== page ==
South Africa's largest banks are set for higher profits in 2022, even after significant increases in 2021, S&P Global Market Intelligence data shows.
The S&P Capital IQ mean estimates for full-year 2022 normalized EPS at Standard Bank Group Ltd. and FirstRand Ltd. were 19.02 rand and 6.07 rand, respectively, as of May 27, against 15.65 rand and 5.57 rand for full year 2021. The normalized EPS mean estimates for Absa Group Ltd. and Nedbank Group Ltd. for 2022 were also higher than for 2021.
All the banks posted strong results for 2021 on the back of a rebound in economic activity, with net profits increasing between 95% and 224% on a yearly basis. Another large South African lender, Capitec Bank, registered a 91% profit increase for the year ended Feb. 28.
South African banks' performance was connected to the broader, more supportive, economic context, consulting firm PricewaterhouseCoopers wrote in a March report. Some macro-related uncertainty exists over Russia's invasion of Ukraine, PwC said.
The South African banking sector is in a recovery phase, and earnings are expected to recover to pre-pandemic levels in 2022, S&P Global Ratings said in a May 25 report. Lower impairment charges and higher interest rates will support net interest margins, bolstering profits, it said.
Nedbank expects its 2022 return on equity to be higher than in 2021, a spokesperson told Market Intelligence. The key risk for Nedbank is a potential deterioration in the macroeconomic environment beyond its forecasts, while inflation is likely to impact growth. Export volumes will be hit, but higher export prices will somewhat mitigate the effect, the spokesperson said.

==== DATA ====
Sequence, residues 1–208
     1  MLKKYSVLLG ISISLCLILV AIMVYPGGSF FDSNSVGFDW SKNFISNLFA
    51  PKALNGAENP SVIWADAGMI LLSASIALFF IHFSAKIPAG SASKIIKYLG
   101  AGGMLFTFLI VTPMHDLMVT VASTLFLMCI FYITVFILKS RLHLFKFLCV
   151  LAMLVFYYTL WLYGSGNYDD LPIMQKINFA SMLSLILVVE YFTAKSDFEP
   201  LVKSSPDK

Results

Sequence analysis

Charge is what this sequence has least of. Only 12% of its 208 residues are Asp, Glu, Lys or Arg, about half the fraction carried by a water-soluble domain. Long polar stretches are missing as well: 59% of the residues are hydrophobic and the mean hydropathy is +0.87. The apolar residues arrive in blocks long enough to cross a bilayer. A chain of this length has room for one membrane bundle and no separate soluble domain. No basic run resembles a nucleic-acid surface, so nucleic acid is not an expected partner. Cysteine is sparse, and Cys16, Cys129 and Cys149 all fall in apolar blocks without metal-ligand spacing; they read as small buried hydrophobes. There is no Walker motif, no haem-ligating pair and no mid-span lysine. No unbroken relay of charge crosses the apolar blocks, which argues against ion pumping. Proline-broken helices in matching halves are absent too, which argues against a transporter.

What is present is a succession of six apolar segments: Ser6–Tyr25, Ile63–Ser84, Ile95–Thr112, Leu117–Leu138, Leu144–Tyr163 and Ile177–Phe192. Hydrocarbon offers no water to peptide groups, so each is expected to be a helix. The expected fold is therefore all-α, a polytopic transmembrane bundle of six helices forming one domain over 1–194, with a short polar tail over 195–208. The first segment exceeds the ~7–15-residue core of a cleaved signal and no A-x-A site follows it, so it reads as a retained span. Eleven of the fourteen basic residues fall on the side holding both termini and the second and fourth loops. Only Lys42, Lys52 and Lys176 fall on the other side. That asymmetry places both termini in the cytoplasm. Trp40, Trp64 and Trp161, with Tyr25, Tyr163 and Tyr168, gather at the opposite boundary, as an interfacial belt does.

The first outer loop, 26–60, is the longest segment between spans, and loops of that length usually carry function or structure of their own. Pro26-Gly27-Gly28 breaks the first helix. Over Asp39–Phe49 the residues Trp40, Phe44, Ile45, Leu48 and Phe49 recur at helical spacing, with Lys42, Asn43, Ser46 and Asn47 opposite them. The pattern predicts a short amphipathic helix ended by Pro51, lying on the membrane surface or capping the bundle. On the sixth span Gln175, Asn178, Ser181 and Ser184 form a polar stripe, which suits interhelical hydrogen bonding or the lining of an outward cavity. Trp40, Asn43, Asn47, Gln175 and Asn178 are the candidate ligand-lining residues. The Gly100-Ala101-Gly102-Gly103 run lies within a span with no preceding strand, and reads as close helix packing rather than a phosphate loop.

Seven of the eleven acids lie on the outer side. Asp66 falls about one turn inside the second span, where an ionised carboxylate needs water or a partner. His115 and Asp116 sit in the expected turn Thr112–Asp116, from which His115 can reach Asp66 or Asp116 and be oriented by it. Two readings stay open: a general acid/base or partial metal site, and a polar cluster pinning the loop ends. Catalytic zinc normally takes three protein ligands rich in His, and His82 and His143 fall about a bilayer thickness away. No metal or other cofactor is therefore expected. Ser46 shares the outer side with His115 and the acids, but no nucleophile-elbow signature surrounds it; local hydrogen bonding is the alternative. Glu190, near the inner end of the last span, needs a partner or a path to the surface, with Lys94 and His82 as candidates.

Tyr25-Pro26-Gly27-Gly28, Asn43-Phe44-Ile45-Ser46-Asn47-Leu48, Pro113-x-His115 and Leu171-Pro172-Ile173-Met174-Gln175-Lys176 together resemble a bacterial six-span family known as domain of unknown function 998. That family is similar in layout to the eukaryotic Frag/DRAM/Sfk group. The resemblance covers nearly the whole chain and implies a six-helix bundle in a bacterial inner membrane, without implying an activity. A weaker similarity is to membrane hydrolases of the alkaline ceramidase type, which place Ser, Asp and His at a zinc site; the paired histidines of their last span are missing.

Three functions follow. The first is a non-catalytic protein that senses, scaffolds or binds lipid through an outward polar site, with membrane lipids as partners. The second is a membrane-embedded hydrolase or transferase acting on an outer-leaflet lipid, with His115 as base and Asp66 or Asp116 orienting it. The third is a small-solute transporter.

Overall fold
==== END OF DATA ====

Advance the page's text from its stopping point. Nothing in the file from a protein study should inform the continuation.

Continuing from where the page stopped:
Absa expects high single-digit revenue growth for 2022, partly driven by lower COVID-19-related insurance claims, a spokesperson said. Its ROE is expected to be similar to that of 2021.
Standard Bank, FirstRand and Capitec did not respond to requests for comment.
The banks' counterparts in Kenya also reported year-over-year increases in their full-year 2021 earnings. Net profits at Equity Group Holdings PLC and KCB Group PLC rose 98% and 73.9%, respectively. NCBA Group PLC's net profit increased 122.1%, Diamond Trust Bank Kenya Ltd.'s rose 20.4% and I&M Holdings PLC grew 0.7%.
Net profits at Nigeria's Access Holdings PLC and Fidelity Bank PLC rose 51.2% and 33.5%, respectively, while Zenith Bank PLC and United Bank for Africa PLC posted 6.1% and 9.4% upticks in their results. Guaranty Trust Holding Co. PLC was the lone bank in the sample that posted a net profit decline.
Loan loss provisions at the largest South African banks fell on a yearly basis. Standard Bank booked $669.2 million of loan loss provisions for full year 2021, down from $1.25 billion a year ago. FirstRand's provisions dropped to $560.3 million from $1.70 billion.
Three of the five Kenyan banks in the sample also saw loan loss provisions fall, while Nigeria's Access Holdings and Zenith Bank posted an increase in charges related to credit impairments.
As of June 3, US$1 was equivalent to 15.53 South African rand.